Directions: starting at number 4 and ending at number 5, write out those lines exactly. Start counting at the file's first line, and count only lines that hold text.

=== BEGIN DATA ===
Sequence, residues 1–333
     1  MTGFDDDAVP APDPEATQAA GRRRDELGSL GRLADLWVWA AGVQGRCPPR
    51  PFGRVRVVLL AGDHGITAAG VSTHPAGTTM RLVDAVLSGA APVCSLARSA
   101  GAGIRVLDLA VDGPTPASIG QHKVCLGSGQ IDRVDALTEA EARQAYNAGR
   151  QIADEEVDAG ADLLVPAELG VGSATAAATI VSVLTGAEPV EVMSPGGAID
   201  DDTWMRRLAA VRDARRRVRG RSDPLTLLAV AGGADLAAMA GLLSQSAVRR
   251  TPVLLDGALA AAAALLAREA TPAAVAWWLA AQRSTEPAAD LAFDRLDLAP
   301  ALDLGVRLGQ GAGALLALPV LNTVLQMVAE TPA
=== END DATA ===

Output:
   101  GAGIRVLDLA VDGPTPASIG QHKVCLGSGQ IDRVDALTEA EARQAYNAGR
   151  QIADEEVDAG ADLLVPAELG VGSATAAATI VSVLTGAEPV EVMSPGGAID